University Calculus: Early Transcendentals (3rd Edition)

Published by Pearson
ISBN 10: 0321999584
ISBN 13: 978-0-32199-958-0

Chapter 3 - Section 3.11 - Linearization and Differentials - Exercises - Page 198: 8


$L(x)=-x+2$ at $x=x_{0}$

Work Step by Step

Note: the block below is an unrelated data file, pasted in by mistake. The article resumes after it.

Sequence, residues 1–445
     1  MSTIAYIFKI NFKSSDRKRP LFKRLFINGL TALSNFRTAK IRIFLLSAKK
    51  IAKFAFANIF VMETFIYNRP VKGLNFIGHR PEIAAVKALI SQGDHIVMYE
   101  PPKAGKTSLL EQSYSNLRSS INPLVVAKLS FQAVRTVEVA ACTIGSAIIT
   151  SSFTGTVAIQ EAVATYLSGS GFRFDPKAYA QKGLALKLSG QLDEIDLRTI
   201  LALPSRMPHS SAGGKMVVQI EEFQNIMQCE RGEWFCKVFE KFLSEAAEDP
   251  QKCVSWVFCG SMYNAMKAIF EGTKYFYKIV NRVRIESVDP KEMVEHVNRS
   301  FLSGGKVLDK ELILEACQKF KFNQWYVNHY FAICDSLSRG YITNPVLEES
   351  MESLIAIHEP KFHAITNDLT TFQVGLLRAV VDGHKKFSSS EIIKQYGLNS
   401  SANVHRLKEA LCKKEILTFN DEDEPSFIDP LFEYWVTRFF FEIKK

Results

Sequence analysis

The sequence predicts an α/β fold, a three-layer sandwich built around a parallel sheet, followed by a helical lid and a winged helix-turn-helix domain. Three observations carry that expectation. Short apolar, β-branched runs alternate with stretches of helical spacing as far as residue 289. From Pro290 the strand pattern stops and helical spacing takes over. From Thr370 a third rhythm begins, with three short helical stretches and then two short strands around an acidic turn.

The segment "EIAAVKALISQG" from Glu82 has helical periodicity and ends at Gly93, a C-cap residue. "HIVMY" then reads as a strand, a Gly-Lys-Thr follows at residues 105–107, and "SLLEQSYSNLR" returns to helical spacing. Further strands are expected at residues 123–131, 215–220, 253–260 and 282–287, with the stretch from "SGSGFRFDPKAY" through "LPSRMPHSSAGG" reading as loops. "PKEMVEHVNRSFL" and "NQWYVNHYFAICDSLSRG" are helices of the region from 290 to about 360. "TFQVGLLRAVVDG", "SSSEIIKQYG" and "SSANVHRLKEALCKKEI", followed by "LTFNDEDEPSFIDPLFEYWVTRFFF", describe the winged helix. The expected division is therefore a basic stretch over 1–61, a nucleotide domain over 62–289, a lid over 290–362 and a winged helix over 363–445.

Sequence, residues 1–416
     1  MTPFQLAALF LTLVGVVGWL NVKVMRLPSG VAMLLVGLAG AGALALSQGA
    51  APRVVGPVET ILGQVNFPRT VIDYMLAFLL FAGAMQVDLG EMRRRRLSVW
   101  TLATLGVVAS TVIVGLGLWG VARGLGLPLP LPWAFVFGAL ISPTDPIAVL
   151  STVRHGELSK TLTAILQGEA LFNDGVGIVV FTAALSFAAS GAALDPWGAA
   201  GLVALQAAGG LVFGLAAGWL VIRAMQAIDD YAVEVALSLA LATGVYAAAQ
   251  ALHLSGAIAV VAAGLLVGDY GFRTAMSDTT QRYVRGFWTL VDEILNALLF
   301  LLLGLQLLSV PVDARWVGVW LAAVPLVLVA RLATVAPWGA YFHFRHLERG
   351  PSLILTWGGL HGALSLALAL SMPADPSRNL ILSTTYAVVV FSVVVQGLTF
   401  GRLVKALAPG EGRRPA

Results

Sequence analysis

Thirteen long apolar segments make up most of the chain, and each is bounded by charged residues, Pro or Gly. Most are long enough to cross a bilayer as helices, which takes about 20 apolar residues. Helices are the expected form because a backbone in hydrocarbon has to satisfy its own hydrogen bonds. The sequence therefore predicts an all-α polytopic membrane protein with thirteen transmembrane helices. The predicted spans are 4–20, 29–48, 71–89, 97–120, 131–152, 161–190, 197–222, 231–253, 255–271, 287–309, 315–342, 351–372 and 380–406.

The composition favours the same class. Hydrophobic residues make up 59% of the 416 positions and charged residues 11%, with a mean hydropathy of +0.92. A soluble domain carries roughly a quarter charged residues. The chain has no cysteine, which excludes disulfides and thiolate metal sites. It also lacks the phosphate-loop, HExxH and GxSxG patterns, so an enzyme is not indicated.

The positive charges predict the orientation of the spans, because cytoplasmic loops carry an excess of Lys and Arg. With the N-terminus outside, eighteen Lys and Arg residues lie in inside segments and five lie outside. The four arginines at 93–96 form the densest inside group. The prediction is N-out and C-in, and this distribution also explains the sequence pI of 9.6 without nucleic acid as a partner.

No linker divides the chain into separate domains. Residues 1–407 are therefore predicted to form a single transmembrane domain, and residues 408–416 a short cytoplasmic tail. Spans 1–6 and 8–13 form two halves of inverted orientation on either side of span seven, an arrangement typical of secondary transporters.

$f(x)=\frac{1}{x} $, $L(x)=f(a)+f'(a)(x-a)$ $f'(x)=-\frac{1}{x^2}$ at $x_{0}=1$ the function and its derivative is close to the value 0.9 $x_{0}=1$ $f(1)=1$ $f'(1)=-1$ then $L(x)=1-1(x-1)=-x+2$ $L(x)=-x+2$ at $x=x_{0}$ Thus, the final answer is: $L(x)=-x+2$ at $x=x_{0}$
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